Pros - Exceptional bass quality and just the right quantity, clear mids with plenty of detail, nicely large soundstage, build quality seems high
Cons - Highs can be a bit fatiguing at times, could use more tips and a proper case for travel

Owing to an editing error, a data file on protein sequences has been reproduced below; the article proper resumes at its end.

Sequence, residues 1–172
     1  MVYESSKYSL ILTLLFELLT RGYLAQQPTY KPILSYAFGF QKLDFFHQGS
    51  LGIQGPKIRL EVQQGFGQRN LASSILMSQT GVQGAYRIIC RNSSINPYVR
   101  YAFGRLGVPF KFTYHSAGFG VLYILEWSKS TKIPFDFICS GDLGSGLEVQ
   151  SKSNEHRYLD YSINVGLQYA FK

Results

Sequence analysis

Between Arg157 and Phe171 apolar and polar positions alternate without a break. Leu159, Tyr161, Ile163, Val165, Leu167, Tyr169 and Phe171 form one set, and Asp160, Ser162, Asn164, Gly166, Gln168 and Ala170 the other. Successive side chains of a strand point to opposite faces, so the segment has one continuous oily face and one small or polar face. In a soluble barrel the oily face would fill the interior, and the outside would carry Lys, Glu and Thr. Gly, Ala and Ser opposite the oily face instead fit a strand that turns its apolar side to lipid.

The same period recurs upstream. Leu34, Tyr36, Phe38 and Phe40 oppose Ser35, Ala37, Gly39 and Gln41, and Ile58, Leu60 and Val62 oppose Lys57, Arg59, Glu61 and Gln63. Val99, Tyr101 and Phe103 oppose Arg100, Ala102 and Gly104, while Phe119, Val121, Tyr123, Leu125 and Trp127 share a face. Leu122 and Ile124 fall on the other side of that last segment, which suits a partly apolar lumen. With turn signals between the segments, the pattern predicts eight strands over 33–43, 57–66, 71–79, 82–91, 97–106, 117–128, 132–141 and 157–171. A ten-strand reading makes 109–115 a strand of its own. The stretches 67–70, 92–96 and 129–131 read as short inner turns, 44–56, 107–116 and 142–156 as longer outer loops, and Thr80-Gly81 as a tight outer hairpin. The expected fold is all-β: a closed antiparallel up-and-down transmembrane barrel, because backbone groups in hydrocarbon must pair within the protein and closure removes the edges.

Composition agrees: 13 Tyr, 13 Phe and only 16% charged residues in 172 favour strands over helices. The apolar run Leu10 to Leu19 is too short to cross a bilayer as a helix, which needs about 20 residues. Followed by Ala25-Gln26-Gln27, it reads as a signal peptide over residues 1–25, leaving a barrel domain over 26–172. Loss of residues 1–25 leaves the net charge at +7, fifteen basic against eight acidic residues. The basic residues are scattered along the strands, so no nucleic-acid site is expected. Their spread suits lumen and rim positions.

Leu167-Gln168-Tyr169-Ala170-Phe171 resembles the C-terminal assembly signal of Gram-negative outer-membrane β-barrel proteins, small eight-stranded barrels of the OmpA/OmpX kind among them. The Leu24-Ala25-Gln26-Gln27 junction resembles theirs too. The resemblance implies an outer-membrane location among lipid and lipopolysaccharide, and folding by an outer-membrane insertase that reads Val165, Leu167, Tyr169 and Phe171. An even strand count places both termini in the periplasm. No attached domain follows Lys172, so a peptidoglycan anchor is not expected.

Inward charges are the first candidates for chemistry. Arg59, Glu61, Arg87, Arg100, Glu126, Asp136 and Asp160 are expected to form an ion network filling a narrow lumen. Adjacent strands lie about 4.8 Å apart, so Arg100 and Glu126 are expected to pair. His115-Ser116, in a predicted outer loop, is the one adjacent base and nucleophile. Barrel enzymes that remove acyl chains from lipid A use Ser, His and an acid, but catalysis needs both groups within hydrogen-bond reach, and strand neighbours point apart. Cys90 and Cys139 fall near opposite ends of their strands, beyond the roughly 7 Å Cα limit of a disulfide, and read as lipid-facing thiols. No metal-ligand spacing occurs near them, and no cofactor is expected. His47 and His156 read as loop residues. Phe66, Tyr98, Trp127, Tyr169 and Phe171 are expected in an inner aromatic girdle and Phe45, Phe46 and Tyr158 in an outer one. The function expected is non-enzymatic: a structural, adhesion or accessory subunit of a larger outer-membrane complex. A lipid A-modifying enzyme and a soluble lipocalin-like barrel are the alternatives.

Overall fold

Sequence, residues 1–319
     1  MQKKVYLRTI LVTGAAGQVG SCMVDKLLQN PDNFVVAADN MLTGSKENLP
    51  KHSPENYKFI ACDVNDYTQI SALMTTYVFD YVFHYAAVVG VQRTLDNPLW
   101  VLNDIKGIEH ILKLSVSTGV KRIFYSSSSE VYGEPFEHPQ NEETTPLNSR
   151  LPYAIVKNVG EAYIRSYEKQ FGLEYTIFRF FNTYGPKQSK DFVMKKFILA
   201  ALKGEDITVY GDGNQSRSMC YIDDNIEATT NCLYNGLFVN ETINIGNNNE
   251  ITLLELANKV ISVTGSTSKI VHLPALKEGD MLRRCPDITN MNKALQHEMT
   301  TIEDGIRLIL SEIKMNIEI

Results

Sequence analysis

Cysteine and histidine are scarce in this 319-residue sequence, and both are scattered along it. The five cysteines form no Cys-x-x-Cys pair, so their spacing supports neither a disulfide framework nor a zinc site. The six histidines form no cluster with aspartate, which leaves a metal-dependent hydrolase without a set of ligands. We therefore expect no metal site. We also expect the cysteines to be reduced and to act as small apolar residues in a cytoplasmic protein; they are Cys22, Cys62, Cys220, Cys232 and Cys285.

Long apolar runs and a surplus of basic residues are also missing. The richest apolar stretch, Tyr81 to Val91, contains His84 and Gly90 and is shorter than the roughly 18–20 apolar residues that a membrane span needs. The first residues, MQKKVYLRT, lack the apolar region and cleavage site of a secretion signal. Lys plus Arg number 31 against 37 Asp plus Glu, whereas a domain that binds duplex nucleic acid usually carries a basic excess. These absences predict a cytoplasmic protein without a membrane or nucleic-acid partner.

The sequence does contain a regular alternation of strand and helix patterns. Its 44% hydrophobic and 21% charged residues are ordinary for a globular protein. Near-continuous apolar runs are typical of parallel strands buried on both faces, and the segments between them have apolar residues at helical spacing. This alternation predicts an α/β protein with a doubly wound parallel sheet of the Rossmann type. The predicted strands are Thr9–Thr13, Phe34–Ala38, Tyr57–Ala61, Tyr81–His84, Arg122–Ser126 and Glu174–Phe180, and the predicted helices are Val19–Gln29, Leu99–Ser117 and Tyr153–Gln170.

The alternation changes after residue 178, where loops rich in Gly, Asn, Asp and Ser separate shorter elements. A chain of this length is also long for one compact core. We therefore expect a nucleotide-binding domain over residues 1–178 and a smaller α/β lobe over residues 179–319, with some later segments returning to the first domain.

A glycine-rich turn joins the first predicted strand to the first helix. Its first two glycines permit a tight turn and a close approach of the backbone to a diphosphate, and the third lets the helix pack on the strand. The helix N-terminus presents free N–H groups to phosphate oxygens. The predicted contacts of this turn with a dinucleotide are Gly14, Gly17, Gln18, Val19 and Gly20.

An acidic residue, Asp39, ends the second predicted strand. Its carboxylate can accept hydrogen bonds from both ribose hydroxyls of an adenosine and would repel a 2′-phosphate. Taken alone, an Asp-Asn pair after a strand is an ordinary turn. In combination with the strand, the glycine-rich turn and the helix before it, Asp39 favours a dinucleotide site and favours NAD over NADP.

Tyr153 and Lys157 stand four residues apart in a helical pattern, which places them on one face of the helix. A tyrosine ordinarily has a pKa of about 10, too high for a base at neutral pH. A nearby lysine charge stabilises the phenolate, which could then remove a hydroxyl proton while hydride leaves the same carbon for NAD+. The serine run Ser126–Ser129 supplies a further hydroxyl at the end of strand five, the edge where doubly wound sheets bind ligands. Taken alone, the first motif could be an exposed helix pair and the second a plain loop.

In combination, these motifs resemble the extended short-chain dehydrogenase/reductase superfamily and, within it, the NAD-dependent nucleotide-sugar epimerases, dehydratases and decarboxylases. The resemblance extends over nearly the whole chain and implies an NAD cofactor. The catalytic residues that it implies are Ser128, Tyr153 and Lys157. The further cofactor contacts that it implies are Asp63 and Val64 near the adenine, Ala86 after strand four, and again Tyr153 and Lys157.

The story behind this review is kind of interesting. I was in contact with Meizu about an upcoming portable audio player being released later this year. I asked for a loaner so I could do a review over at InnerFidelity. That device is still a few months out so they don’t have review models yet. During the course of our conversation the Meizu rep asked if I might be interested in covering their latest IEM, the EP-40. A budget IEM selling for around $40? That’s not the type of thing I usually review. But I did some research on it, and the design actually looked very well done for such a low price. So I agreed to have a listen and cover it here at HeadFi rather than at InnerFidelity, since Tyll is way backed up on important headphones to be reviewed. Now that I’ve spent some time with the EP-40 I’m glad gave it a chance. The EP-40 is available all over the place.... in retail stores all across China. Those of us living on other continents will need to order them online. I found THIS website selling for $49 though it seems demand is so high that Meizu can't keep up at the moment. By the time this is published they may be in stock again. Or not. DESIGN The EP-40 is a compact In Ear Monitor. Maybe compact doesn’t do them justice – how about extremely compact? The design is among the smallest I’ve seen, right there alongside the Microsonic Epic X, UE700, ACS T15, and Jays q-Jays/d-Jays. What makes it unique among that group is that it uses a dynamic driver instead of an armature driver. Here are the specs as listed by Meizu: · 7μm ultra-thin composite diaphragm · 8mm powerful drive unit · 14 0.05mm high-purity oxygen-free copper headphone wires · 3 earplugs in different sizes · Microphone and remote · High-speed Response Technology · Speaker impedance: 16 Ω · Sensitivity: 101dB SPL · Frequency response: 20Hz ~ 20KHz · Maximum input power: 10mW · Length: 1.2m · Plug: 3.5mm Let’s examine the highlights – dynamic driver at 8mm, with an “ultra thin composite diaphragm” at a mere 7 microns thick. I have no way of knowing how that compares to other in-ear monitors; Stax seems to be the only company that likes to advertise their diaphragm thickness. The next line is somewhat unclear but I take it to mean that the cable is constructed of 14 strands of .05mm thick OFC wire. Again, I have no clue how that compares to the average cable from competing brands. The cable measures 1.2 meters and has an inline microphone with a single button placed at roughly mouth level. It terminates in a straight 3.5mm plug. Impedance is 16 ohms and sensitivity is 101dB which is well within the normal range. Physically the EP 40 is very compact as I mentioned prior. The housing appears black at first glance but closer inspection reveals it to be a transparent “smoke” color, allowing a view of the driver itself. The nozzle extends from the driver housing at an extreme angle, similar to the Radius DDM though not completely to the side as seen in the Sony EX1000. The difference is that this nozzle is longer and thinner than both of those - roughly the same as the Westone UM3X. There is a tiny vent in the shell which is so small that I can hardly imagine it making any sort of difference. No sound leaks from the vent and isolation is moderate. Overall build quality is very impressive – not just for the price either. If I was handed the EP-40 and told that it sells for $150, I would not have any reason to doubt that claim. They feel solid enough to take some serious abuse, and the cable has a decent strain relief that it should last for the long haul. PACKAGE The EP-40 comes in a circular case which either looks like a record or the bottom view of a Playstation 1 disc, depending on what era you are from. It’s a unique bit of packaging but doesn’t seem all that useful for on the go storage. A twist of the top allows access to the inside layer of padding containing 3 pairs of tips and the earphones themselves. Tips are a dual flange type in the usual small, medium, and large sizes. Overall it is a decent setup though not as extensive as some other budget IEMs I’ve recently seen who like to drown you in accessories. Priority here seems to have been placed on presentation rather than utility. I have noticed a recent trend where budget IEMs come packaged with a large selection of tips. They may not be of the highest quality, but the large selection at least gives the user options and helps determine which size is optimal. The user can then buy a higher quality version of that same size and type. With the EP-40, the user gets some reasonably nice tips but not much variety. I found that the medium tips were just slightly too small while the large tips were a bit too big – they sealed well but the pressure on my inner ear was stronger than I’d like. I had to take breaks every 30 minutes or so in order to prevent pain. Then again I have always been tough to please when it comes to tips; one of the key reasons I only use custom IEMs these days. LISTENING Not being sure what to expect, I burned the EP-40 in for about a week straight prior to listening. Once I figured out the proper fit I was really impressed with the sound. The general sound signature has a slightly warm tilt – mostly neutral mids and highs but a respectable bass boost. The bass reaches extremely deep and punches hard, yet remains clean and controlled. I was blown away when listening to Beverley Knight’s Music City Soul which is a great album for testing low frequencies. The EP-40 handles bass drum, bass guitar, and other low frequencies so well that it seemed like I was listening to a much more expensive product. Speed and texture approaches what I might expect from an entry level custom IEM. Mid-bass bloat, a common occurrence with cheaper dynamic designs, is thankfully kept to a minimum. Overall the low frequency presentation is outstanding. The mildly boosted lows transition cleanly to a neutral sounding midrange. Separation and clarity are nicely handled, with vocals sounding distinctly layered against the instrumental backdrop. Since the lows are kept in their own realm the midrange remains uncolored – it has enough weight of its own without needing any added thickness. Everything from congas to trumpets to violins have a pleasingly natural tone free from honk or tininess. Unfortunately, the one area that is less than perfect is the area that many people are sensitive to – the upper mids and highs. The EP-40 attempts to channel certain Westone models in an attempt to produce a somewhat lively sound. Unfortunately it doesn’t always succeed. There are some instances where vocals, especially the female variety, sound outstanding: crisp and airy but not overdone. Yet other times the EP-40 pushes a bit too hard and the whole affair turns peaky, sibilant, and downright unpleasant. So while Nancy Bryant sounded wonderful, Beverley Knight had traces of edginess and Allison Krauss become borderline harsh at times. A bit of EQ applied to the 5-6kHz range helped considerably but the effect never disappeared completely. Aside from that the highs are actually very nice – sparkly, clearly defined, and with a good amount of airiness. I speculate that within their budgetary limits, Meizu could have gone for a smooth but rolled off response or else an extended but peaky response, and they chose the latter. You can’t have it all at this price range and the market is full of dynamic drivers that sound like the former. I don’t want to overstate the problem here; no IEM is perfect, least of all one selling for under $50. And there are plenty of much more expensive options on the market which exhibit the same difficulty with high frequencies. Think Westone 3: some people love them, some can’t stand the highs. I found the EP-40 easy to drive overall. Volume was rarely an issue whether using a Sansa Clip, Hisound RoCoo D power edition, or even just an iPad. There was a mild improvement when using a portable amp, mostly in terms of soundstage definition, but it isn’t really a requirement. The bigger upgrade came when using a higher quality source – something like the Grant Fidelity TubeDAC-11 or Audiotrak DR.DAC 2 DX is able to squeeze out a bit more realism and definition while helping keep those highs more controlled. You certainly don’t need the extra power on tap, but the clarity and smoothness of the DAC section is appreciated when dealing with a potentially harsh top end. Barring a higher end source, the next best thing is something like the RoCoo D which has somewhat rolled off highs. This band-aid approach is less than ideal but can get the job done if your musical preferences end up being a poor match for the EP-40. They make the Hisound Popo look positively massive (which they are not) COMPARISONS Before I begin, I need to explain why I was hesitant to accept this review in the first place. This may end up making me sound like a total snob… but I’m accustomed to listening to far nicer IEMs than this. My permanent collection solely consists of custom IEMs these days. Sure, it is spread out from flagship models to mid-range choices and even budget models. But most of my “budget” customs still cost roughly 10 times what the EP-40 does. Frankly, I admit that I’m out of touch with the current state of low priced universal IEMs, and therefore I’m not in the best position to ascertain where the EP-40 stands in comparison to similarly priced competition. Having said that, I do have a few reasonable comparisons to offer. Taken within reason, I find that the EP-40 competes with some significantly more expensive choices. Hisound Popo: the oddly named Popo sells for $60 on eBay making it the closest contender I have on hand. I’ll be honest – the Popo is not an IEM that I particularly enjoy listening to. There are some things about it that I do appreciate: the fit is surprisingly good, comfort is excellent, build quality is nice enough, appearance is subjectively appealing, and the included assortment of tips is substantial (though somewhat low quality). Notice how I haven’t mentioned any good qualities about the sound? Simply put, I find the Popo to be overly warm to the point of being thick and syrupy. Mids are recessed and muddy, while highs are way too rolled off for my taste. Yet I’ve read positive reviews of these from respected HeadFiers, so perhaps this is an example of my expectations being too high. To my ears, the EP-40 sounds like a completely different class of IEM. Bass is less prominent (which is welcome in this case) but significantly tighter and more controlled. Mids are more forward and have a far better sense of clarity. Details that the Popo would stumble on or even completely gloss over, the EP-40 renders with precision. Highs, while less offensive on the Popo, are dull enough to lose my attention, where the EP-40 grabs hold of it. Only in soundstage does the Popo offer any redeeming value in this comparison. Part of this is admittedly just my preferences for sound signature, and the EP-40 lining up far better with my ideal sound. The two could really not be more different. In appearance, I actually like the Popo which seems to capture a sort of steampunk LCD-2 aesthetic compared to the somewhat high-tech but more traditional Meizu design. But appearance and signatures aside, I think the EP-40 is several steps above in overall sound quality. Shure SE310: having recently sold these, I don’t have them on hand for direct comparison. At one time these went for $299 though recently they could be had for roughly half that. Their armature based design offered a linear, extended sound with good resolution… assuming one could obtain a proper fit. When achieved, these were some of my favorite single driver armature based IEMs. The EP-40 actually has a similar tone, but tweaked towards warmth on the low end and not as smooth up top. On the one hand I appreciate the SE310 for its neutrality, but on the other it could be a little sterile at times. The EP-40 is far less likely to be called boring – the bass has just enough added thump to inject some fun into to proceedings, without being overdone. I also hear the EP-40 as having a more expansive soundstage, if perhaps slightly less accurate imaging at times. Ultimately the highs are the deciding factor: with many songs, the EP-40 is clean enough to be inoffensive, and therefore become my first choice. In the instances where it does become fatiguing, then SE310 would be my favorite. It’s impressive that this sub-$50 IEM can compete with, and sometimes be preferable to, a model that sold for $299 a few years back. If I could graft the cleaner highs of the Shure model onto the overall sound of the Meizu I would be a very happy guy. CONCLUSION The Meizu EP-40 is an impressive little thing. It won’t set the world of headphones on fire but I’m glad I took the chance to hear it, as I find myself impressed – the build is excellent, and the sound is surprisingly capable. It has exceptionally well done lows, rich detailed mids, and lively highs that are either a benefit or a detriment based on the source material used. I’ll say with confidence that nobody should find these things unexciting. Will the sound be perfect for everyone? Of course not. Neither is the Grado sound, or the Westone sound, or the Beyerdynamic sound. The benefit of the Meizu is that the price of entry is much lower compared to those others. But I find myself enjoying the EP-40 more often than not, a statement I can’t make about many of the other low to mid priced IEMs I’ve experienced. I’m interested to see if Meizu goes the way of HiFiMAN’s RE-series and continues to develop this design to its maximum potential.